Forests are shit! Too many trees, everywhere, making it impossible to see what might be hiding. Hasan once lived in forests; during the war in his former native country. He learnt to hate forests. He would never have come here of his own free will. But then there was that letter from school. An invitation to a parents’ evening, that much was clear. But not the next sentence: “Bring things from the woods with you to make advent decorations.” Which is when Hasan decided to ask a friend for some advice.
“It means you need to go and collect some pine cones”, said the man, himself an immigrant, but in Switzerland for longer than Hasan. Pine cones?! Hasan could barely believe his ears. He’s a man, he retorted heatedly, not a child you send off to the woods to play! Where’s the dignity in that? But his friend insisted: “Parents’ evenings are important. If you turn up with empty hands, the teacher will think that you’re not interested, which would be bad for your son!”
Which is why Hasan is now stomping through the woods at Altberg, where he has, purely by chance, ended up. His children have refused to go with him. His wife too; she’s afraid of the woods. Having left the city along the back roads, he drives through village after village until he finally finds both a wood and somewhere to park. But to his dismay, the woods are full of people on this late autumn afternoon and he has to go some way, quite a way – across meadows and then up to the tree covered ridge with the tower. Hasan constantly looks around himself, checking whether anybody is there to witness what he is about to do, yet time and again he comes across people out walking, some with dogs, some without. The evening starts to draw in before he finally dares to bend down under a couple of spruce trees, hastily grabbing something from the ground and stuffing it into his coat pocket before scurrying off. Thank goodness nobody saw him! These days, people call the police for less than seeing somebody behaving suspiciously on a woodland path. How embarrassing it would be for Hasan to have to explain his haul. Pine cones! My God.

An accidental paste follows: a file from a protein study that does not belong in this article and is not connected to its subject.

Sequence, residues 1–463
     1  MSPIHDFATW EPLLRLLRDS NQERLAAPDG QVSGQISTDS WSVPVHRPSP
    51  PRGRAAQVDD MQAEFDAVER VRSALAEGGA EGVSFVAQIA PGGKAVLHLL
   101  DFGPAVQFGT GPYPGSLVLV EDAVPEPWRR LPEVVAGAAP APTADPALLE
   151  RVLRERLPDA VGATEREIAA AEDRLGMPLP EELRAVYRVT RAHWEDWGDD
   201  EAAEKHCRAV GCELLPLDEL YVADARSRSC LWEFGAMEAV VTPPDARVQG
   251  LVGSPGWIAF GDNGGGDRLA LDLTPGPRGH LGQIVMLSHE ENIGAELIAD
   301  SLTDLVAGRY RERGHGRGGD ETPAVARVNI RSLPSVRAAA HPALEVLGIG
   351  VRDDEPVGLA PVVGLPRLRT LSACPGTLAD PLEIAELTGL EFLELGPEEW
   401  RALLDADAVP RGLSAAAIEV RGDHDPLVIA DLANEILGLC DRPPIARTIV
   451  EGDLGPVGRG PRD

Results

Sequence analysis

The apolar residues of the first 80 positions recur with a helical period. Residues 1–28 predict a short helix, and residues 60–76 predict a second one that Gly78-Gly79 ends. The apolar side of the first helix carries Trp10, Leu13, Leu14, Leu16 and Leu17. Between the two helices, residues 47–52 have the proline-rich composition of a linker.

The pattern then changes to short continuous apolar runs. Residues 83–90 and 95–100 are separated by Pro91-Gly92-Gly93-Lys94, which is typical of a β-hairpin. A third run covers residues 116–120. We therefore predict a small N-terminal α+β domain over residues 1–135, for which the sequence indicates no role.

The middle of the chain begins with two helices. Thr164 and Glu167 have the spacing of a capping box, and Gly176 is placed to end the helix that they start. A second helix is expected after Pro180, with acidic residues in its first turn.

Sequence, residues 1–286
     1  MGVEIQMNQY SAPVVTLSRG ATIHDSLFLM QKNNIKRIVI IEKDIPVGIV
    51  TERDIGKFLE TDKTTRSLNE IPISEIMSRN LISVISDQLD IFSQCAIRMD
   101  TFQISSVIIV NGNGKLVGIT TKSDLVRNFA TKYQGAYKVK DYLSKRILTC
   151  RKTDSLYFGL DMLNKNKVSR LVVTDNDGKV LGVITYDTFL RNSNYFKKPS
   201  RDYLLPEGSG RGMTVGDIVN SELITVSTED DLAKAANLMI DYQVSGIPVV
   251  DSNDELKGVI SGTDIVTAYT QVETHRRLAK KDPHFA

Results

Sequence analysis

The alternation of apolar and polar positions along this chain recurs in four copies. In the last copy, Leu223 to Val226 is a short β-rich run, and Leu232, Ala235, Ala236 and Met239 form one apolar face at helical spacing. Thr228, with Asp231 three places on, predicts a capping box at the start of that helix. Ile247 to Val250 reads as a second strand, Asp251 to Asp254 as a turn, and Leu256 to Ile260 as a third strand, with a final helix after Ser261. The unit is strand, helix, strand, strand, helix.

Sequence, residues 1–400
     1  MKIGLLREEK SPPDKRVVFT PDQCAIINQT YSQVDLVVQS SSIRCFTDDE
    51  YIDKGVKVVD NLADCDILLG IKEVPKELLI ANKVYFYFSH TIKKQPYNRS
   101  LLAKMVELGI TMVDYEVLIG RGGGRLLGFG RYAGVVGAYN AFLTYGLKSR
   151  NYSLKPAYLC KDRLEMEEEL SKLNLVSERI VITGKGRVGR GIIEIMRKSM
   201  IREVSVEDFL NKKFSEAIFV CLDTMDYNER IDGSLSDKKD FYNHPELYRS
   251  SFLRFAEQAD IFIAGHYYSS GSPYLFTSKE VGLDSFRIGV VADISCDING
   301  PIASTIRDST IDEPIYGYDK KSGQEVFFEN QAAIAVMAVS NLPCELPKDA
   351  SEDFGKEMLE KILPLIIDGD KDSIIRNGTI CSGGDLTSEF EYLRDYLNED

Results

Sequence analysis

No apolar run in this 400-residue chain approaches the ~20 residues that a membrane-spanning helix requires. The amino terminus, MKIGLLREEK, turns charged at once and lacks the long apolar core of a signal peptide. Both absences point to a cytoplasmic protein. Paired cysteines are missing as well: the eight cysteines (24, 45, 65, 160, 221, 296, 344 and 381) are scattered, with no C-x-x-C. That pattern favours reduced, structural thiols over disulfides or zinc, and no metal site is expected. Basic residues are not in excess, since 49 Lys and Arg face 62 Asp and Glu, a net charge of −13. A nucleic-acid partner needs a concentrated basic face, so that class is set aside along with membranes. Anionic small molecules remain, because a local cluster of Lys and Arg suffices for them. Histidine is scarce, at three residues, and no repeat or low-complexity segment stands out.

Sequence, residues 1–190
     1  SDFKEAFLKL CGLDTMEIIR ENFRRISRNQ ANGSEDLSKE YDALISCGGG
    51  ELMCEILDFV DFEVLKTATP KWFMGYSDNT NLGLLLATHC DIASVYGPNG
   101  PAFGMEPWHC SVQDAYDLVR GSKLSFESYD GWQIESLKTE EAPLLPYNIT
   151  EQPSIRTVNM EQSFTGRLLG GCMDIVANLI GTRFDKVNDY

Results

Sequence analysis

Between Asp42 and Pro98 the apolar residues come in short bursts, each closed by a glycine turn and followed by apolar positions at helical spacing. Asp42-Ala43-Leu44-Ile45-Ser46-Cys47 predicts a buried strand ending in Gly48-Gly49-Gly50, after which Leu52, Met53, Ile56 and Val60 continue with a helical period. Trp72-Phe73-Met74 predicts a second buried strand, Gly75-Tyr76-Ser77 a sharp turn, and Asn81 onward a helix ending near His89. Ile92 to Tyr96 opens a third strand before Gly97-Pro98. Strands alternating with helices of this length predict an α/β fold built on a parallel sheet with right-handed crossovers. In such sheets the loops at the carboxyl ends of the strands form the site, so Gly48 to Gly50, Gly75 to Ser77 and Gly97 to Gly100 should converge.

Once back home, he wraps them up sevenfold in newspaper and ties the package up with string. Takes it the following day, tucked under his coat, to the parents’ evening at the school. But as he stands in his son’s classroom and watches the other mothers and fathers carefully laying out colourful autumn leaves, sprigs of holly, and pine branches, he shamefacedly pushes his pine cones towards the rest. There – a feeling of goodwill rolls over him! Friendly looks, nods from all sides. Even the teacher smiles. Hasan lowers his head. No one present is aware of the deep emotions he feels right then at that moment.
“What a world!” he tells his friend later. “Who can understand it? Once, I fought for a free Kosovo with a weapon in my hand, yet now I play with pine cones.” – “You are integrating, my dear friend”, answers the other and pats him on his shoulder. “You are integrating.”